Album Review: Adir L.C. – Basket Star

Multi-instrumentalist Adir L.C. returns on Friday, May 17 with his newest indie folk-rock record, Basket Star, released on Birdwatcher Records. It’s a complex and enticing album, yet despite the incredibly intricate layers of sound, Adir maintains a faithful honesty to himself and his craft throughout.

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Album artwork by Gregory Moncada.

Basket Star‘s defining feature is its complexity; each track’s intricate layers of rhythm and sound are hypnotizing and luscious, and while the music is certainly not light, Adir maintains a buoyant sound throughout the record. This is represented best on “Reacting,” where the instrumentals between verse and chorus are nothing short of decadent as thick brass serves as a strong base for sweet, smooth guitar and vocals.

Despite this incredible intricacy, however, Adir manages to keep his music sounding honest and genuine. There’s an authenticity to both his music and his lyrics as he sings about what is necessary to give and what it means to create art in a modern world. The occasional intensity of the topic and the music does not negate the lightheartedness of Adir’s sound, however, and the joy generated in creating the music is palpable throughout.

Basket Star‘s cohesion is impressive. Though it was recorded in a variety of makeshift studios (“Brooklyn apartments and practice spaces, an aunt’s house in Vermont, a studio outside Binghamton, New York, and more,” according to Adir’s Bandcamp page), there is a consistent folk-rock sound throughout, and it is distinctly unique in its opulent intricacy.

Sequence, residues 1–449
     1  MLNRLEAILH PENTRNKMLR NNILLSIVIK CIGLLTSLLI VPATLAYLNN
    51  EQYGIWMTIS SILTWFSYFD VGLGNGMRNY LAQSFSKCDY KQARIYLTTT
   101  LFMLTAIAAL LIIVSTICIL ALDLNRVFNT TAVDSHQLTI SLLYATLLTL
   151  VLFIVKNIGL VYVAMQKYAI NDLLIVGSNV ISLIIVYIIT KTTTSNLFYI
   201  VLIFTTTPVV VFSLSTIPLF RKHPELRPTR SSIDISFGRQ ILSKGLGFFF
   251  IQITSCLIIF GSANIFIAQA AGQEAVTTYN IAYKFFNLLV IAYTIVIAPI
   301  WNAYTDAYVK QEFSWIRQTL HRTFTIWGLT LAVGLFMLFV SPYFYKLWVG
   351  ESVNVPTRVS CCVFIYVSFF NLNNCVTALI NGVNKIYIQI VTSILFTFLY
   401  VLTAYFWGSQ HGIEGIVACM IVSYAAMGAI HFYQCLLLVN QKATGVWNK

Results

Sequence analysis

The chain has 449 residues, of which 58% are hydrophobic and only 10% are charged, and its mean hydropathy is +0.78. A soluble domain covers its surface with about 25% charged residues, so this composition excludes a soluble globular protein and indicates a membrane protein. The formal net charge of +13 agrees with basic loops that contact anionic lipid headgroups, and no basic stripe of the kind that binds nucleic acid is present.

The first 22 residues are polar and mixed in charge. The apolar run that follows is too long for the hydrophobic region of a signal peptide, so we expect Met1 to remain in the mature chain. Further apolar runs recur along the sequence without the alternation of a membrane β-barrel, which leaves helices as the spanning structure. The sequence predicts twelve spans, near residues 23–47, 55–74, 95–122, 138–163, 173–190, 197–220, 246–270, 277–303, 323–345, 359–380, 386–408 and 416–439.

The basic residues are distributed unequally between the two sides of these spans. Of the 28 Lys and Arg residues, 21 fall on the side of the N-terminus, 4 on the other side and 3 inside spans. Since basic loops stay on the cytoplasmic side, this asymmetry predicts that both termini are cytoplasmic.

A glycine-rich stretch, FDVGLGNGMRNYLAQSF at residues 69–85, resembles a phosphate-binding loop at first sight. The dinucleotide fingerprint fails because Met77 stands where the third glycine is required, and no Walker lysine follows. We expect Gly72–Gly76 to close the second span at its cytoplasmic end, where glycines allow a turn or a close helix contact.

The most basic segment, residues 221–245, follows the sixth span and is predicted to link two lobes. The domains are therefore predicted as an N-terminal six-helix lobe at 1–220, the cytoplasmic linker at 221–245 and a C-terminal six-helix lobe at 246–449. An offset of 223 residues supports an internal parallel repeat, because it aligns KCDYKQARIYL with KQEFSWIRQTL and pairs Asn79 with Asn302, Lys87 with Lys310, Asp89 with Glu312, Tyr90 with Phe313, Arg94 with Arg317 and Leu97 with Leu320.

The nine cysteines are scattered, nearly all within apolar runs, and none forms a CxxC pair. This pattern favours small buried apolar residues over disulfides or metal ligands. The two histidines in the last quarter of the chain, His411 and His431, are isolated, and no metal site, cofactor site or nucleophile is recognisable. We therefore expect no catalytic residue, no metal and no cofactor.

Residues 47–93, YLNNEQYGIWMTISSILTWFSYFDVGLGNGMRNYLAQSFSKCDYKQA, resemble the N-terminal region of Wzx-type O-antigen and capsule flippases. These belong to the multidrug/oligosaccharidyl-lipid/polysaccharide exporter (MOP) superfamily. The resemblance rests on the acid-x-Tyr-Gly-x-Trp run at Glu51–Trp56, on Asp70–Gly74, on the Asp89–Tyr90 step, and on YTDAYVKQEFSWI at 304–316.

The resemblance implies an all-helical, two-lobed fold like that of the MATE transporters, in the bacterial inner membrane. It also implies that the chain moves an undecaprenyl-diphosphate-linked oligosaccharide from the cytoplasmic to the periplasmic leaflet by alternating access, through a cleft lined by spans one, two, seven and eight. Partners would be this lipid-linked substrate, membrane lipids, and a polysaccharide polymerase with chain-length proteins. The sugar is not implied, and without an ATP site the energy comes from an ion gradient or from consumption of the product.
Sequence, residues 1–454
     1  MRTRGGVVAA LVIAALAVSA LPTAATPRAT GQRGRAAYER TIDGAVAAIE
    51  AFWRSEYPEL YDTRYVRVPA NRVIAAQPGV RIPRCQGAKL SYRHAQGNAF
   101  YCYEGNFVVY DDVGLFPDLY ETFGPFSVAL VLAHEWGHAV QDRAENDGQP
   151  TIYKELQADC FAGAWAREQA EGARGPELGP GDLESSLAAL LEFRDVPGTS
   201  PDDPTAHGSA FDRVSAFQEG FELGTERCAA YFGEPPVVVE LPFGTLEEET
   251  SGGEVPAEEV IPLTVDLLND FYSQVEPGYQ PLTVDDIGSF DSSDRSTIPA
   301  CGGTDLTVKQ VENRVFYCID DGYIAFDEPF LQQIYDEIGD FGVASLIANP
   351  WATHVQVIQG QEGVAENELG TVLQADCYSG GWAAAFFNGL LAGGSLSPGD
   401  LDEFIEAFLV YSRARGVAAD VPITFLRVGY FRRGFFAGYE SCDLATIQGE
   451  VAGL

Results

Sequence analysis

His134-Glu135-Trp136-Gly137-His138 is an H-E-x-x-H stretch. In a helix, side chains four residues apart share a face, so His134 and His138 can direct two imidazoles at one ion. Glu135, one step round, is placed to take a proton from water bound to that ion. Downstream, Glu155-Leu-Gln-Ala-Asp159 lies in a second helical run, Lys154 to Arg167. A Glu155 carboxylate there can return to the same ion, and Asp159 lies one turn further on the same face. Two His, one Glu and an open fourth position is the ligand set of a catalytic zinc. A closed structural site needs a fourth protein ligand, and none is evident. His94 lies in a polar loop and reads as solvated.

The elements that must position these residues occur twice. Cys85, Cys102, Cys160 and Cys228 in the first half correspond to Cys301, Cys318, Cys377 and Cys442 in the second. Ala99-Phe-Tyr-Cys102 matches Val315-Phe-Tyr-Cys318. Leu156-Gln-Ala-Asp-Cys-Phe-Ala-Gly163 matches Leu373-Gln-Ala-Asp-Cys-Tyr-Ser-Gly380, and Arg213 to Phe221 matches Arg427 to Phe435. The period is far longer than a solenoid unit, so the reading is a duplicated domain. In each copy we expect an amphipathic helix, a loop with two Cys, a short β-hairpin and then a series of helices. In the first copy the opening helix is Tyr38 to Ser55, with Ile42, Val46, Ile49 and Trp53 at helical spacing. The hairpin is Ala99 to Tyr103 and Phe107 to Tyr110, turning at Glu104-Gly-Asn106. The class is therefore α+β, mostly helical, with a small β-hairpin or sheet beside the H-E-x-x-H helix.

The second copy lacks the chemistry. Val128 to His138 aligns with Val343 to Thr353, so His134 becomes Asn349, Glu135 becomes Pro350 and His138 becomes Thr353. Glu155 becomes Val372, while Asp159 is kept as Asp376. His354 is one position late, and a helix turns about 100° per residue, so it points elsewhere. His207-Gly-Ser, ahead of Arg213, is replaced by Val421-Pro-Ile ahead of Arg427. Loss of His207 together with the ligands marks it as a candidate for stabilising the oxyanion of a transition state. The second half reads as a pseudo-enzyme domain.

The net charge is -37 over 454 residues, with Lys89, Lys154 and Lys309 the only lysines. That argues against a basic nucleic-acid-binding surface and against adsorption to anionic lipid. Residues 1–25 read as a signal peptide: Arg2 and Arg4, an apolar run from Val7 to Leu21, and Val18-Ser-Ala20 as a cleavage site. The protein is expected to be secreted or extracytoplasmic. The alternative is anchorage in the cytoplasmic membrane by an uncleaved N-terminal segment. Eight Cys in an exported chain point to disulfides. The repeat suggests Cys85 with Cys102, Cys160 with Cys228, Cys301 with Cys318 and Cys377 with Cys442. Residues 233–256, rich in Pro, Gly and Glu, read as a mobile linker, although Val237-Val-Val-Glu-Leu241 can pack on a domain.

All of this straightforwardness and complexity culminates in “Getting Home,” the seventh track and a standout on the record. It’s a little slower than the rest, though it is highly representative of the music spread across the other 11 songs. The track feels transcendent as guitar and percussion and horns and vocals combine in a truly lush track, and group vocals add a sacred quality as a chorus sings with Adir, “I’m not the only one here.” The song ends with a sweeping horn solo set against a background of folky guitar.

“Big Bad,” too, showcases Adir’s strengths well. The driving, thumping percussion, heavily featured in the beginning, drops out to highlight simple guitar and vocals during the first verse, and between verses, there is a beautifully rich, lilting indie folk riff.

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Photo by Adam Kolodny. 

There is no doubt that Basket Star is a long record with its 12 tracks, the majority of which clock in over three minutes. However, it’s difficult to keep track of the passing time as the record progresses; its simple folk melodies are charming enough, but when combined with skilled guitar work, percussion, horns, synth, mandolin and what seems like a dozen other instruments, the effect is mesmerizing.

Adir L.C.’s Basket Star will be released on Friday, May 17 on Birdwatcher Records and can be preordered on Bandcamp. In the meantime, check out the record below:

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